A forced marriage occurs if one or both of the partners have not consented. This force usually comes from family members or other social groups, and the pressure may be physical (through threats, domestic violence or sexual abuse) or psychological pressure (made to feel like an outcast within the family, thought to bring shame to others).
A forced marriage might happen overseas under the premise of a holiday and signs that a forced marriage is likely to occur include absence from work or education, noticeable depression or anxiety. Of course, these could also be due to something else entirely, but it important to keep a note just in case.
A marriage is also forced if one or both of the partners do not have the mental capacity to consent. It is a criminal offence to force someone marry, including taking them overseas, and the maximum sentence is seven years in prison.
It is important to note that a forced marriage is not the same as an arranged marriage, which is consensual and legal.
If you believe a forced marriage is about to or has taken place or you yourself have been forced into marriage, you can call the UK government’s Forced Marriage Unit on 020 7008 0151 either in the UK or overseas.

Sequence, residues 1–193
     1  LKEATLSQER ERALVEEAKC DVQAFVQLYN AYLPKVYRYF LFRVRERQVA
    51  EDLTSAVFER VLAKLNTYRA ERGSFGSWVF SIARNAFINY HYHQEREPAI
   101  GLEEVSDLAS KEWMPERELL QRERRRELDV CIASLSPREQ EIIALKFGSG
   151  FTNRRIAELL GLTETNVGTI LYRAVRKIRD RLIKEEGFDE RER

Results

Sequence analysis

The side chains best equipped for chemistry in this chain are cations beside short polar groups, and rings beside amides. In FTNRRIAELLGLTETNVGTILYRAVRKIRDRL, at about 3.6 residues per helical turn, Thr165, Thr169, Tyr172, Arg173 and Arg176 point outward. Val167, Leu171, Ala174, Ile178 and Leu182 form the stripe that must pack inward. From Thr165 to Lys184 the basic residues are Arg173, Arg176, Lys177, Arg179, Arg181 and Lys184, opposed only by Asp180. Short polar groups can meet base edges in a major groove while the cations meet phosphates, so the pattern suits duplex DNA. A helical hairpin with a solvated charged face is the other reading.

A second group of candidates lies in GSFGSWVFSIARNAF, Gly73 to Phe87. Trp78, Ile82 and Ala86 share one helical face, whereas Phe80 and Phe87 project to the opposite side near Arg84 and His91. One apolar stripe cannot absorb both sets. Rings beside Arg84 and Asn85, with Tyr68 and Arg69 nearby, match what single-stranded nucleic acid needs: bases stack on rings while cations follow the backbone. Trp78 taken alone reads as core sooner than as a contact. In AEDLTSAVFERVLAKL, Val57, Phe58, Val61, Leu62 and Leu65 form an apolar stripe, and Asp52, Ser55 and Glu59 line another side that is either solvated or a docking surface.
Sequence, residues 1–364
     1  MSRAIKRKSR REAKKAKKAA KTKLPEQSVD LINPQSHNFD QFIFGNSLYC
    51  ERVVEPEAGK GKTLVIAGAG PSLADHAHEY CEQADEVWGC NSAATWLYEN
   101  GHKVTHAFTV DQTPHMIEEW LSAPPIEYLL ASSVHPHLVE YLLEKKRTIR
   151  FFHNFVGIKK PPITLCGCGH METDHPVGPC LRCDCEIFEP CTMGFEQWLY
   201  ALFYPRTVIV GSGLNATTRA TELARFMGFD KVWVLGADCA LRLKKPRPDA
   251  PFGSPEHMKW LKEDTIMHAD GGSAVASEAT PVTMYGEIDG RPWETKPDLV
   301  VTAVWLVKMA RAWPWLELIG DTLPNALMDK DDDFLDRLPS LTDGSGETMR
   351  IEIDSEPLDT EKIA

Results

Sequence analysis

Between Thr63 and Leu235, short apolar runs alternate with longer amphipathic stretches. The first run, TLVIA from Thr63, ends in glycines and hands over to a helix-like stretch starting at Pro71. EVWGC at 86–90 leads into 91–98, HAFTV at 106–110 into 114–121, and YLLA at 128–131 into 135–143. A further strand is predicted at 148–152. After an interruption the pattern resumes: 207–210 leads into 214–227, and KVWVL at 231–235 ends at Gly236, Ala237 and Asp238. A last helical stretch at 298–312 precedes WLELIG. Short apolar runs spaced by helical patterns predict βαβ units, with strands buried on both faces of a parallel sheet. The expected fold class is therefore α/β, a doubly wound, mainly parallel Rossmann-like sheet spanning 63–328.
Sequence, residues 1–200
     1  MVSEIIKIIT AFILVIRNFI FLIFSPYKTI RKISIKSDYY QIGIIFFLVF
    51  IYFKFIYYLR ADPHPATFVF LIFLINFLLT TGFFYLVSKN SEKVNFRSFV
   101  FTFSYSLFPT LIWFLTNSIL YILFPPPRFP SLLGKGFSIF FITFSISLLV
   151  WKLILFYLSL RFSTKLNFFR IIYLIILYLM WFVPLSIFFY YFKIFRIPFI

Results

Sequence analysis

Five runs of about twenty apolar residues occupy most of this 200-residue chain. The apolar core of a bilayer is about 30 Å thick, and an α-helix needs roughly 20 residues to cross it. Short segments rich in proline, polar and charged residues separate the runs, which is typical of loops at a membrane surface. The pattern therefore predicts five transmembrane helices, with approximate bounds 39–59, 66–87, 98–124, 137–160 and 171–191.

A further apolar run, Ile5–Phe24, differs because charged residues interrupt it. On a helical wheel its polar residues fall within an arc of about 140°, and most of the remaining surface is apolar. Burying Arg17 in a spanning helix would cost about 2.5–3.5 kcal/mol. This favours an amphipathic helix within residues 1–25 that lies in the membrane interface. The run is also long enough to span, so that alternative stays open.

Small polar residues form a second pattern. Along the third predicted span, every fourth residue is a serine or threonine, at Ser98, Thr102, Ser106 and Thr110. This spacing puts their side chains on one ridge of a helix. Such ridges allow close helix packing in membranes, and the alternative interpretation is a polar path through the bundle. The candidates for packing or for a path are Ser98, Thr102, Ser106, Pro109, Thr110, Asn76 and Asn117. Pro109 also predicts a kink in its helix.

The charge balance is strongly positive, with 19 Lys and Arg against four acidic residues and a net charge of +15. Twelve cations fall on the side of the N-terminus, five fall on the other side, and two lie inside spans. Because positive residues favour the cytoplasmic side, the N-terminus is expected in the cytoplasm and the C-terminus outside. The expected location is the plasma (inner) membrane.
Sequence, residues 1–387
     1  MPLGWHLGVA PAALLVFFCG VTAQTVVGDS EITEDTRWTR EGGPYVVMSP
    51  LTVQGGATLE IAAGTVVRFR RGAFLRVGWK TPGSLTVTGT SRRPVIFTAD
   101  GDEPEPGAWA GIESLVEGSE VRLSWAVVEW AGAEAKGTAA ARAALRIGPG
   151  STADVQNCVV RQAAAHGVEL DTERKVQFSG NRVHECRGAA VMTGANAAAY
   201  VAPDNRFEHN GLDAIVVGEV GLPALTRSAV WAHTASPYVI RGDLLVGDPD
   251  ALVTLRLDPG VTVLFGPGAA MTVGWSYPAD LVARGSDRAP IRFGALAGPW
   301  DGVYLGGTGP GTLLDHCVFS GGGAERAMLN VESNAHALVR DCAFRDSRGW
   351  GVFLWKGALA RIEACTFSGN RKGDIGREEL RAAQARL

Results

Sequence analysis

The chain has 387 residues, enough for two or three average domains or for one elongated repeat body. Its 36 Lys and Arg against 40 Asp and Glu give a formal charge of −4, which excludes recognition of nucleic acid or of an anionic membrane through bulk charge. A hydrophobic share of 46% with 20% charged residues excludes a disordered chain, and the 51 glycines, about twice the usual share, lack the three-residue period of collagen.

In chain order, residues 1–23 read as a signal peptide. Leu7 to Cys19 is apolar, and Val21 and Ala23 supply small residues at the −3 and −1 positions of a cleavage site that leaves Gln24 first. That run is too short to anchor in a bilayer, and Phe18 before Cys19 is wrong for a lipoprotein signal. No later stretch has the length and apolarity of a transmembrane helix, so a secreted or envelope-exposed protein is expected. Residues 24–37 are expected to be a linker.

Honour based abuse may take place when someone goes against perceived cultural and religious beliefs, such as:
Family members or acquaintances may undertake honour based abuse when they believe someone has not kept in line with traditional beliefs or culture. Whilst this abuse does not always include violence, it may include domestic abuse, threats of violence or being held against their will.
There is no specific offence for honour based abuse, but it is a violation of human rights and may be a form of domestic or sexual violence.
If you believe that any honour based abuse is occurring or you are a victim, you can contact the police on 999.
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